Risk Management
Published  32 MIN READ

How to Write a Robust Treasury Policy and Limit Unwanted Outcomes

A 101 Guide

Section 1: Treasury policy fundamentals
Section 2: Assessing risks and determining risk appetite
Section 3: Drafting the policy and finessing its content
Section 4: Implementing the treasury policy
Section 5: Example treasury policy chapter

Key takeaways

  • Treasury policy frames the treasury mandate, defining how the treasury
  • function operates and interacts with other parts of the organisation.
  • It can be leveraged as an internal marketing document, educating stakeholders, which will improve the quality of treasury processes and collaboration across the organisation.
  • Arguably, the drafting of a treasury policy is the easy part. The upfront effort creating agreement on the organisation’s risk appetite (i.e. understanding which treasury risks have to be managed, and within what boundaries) is a necessary, more difficult first step.
  • Investment in codifying the organisation’s risk appetite in the treasury policy will have a positive pay-off when organising the treasury function. The risk appetite and treasury policy frame treasury processes and reporting, and therefore the level of investment (i.e. effort and budget for projects and operations) in people, technology, and processes, as well as the relevance of collaboration across core business operations and finance departments.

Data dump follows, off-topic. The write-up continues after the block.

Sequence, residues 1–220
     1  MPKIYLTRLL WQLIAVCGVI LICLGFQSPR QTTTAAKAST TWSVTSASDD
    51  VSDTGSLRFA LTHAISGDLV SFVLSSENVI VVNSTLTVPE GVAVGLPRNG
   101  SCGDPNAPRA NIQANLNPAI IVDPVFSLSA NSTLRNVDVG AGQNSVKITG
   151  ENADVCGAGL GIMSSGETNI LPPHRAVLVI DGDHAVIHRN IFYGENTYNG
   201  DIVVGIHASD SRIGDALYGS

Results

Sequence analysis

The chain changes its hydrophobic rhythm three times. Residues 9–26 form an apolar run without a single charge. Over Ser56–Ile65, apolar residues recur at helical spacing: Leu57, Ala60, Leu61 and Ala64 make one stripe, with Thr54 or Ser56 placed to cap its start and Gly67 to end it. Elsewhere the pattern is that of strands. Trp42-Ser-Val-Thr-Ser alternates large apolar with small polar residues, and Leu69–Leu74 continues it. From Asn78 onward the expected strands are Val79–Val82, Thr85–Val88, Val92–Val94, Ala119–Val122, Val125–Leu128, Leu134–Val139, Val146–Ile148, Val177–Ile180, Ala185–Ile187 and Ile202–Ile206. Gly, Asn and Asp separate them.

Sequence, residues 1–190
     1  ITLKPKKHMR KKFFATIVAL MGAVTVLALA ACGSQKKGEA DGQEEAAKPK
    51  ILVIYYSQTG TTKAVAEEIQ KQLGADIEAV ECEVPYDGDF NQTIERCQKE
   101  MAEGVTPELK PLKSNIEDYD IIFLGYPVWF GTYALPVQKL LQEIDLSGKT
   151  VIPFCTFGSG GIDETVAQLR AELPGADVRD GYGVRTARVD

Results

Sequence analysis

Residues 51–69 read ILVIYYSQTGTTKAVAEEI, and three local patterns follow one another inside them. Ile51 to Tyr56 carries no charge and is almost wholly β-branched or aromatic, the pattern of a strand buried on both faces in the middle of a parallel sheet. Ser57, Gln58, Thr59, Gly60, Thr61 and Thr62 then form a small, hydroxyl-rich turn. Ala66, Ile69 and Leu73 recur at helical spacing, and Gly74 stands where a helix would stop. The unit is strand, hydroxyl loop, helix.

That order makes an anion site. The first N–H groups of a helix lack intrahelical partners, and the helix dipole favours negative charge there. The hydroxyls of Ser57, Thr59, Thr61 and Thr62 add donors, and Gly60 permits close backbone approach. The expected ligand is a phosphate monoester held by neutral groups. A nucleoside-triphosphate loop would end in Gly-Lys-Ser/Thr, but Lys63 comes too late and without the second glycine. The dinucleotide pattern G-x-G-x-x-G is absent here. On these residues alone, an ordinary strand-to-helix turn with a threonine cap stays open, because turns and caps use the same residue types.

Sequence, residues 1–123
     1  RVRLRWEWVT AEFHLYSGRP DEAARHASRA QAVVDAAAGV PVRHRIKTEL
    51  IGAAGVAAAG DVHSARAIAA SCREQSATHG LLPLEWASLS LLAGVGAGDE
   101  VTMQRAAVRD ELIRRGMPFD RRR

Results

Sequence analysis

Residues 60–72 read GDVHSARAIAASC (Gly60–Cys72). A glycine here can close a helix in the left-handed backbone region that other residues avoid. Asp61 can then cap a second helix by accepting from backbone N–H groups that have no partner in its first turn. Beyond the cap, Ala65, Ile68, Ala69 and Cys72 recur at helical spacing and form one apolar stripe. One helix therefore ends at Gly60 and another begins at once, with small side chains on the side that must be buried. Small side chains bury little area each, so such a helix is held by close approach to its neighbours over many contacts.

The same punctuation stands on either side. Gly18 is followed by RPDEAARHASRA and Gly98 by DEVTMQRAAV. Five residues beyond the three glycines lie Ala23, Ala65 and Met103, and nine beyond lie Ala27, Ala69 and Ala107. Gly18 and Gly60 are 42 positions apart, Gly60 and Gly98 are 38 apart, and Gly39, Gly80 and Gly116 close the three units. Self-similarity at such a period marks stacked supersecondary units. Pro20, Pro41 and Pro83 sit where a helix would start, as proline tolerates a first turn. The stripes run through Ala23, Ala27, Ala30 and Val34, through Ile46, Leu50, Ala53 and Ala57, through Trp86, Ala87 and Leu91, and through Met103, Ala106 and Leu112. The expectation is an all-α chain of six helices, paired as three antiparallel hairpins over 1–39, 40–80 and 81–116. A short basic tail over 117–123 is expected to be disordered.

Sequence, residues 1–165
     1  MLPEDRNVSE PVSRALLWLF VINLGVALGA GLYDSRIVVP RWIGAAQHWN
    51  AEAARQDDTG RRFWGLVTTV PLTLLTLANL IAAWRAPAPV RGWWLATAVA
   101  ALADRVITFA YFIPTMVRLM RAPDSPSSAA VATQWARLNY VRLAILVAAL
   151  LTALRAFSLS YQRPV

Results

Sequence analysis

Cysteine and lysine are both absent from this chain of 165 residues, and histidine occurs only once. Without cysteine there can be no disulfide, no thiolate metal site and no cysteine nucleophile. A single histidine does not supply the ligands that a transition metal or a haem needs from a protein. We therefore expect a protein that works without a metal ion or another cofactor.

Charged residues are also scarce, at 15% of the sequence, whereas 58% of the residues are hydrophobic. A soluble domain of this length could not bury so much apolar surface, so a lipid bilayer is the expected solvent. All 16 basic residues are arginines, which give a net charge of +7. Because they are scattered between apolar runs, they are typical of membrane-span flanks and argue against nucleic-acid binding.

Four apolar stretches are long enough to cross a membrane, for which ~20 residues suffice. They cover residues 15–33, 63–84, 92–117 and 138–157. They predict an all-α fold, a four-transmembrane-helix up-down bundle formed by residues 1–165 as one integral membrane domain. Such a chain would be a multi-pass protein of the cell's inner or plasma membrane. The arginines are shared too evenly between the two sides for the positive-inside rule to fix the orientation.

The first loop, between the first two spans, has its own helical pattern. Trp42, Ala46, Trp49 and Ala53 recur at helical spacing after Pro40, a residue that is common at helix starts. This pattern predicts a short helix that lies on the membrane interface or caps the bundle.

Introduction from the Author

Treasury policy is the executive mandate to the treasurer, as custodian of financial risk. Clearly stating the aims of treasury – and covering core components such as hedging strategy – it should deliver more predictable outcomes and buy-in from other stakeholders. This in-depth yet accessible guide explains how to get it right.

When engaging with new clients, the first document I will ask for is the treasury policy because this gives me an understanding of what treasury is expected to achieve and what it cares about.

Unfortunately, it is often an effort for treasury to even locate this document. Also when presented, it frequently comes with an apologetic note about being outdated, with revisions long overdue. Sometimes I receive treasury policies that are clearly copied from another organisation, as a ‘find/replace’ action had not found all references to the source organisation, with document properties sometimes still including the names of individuals at the source organisation.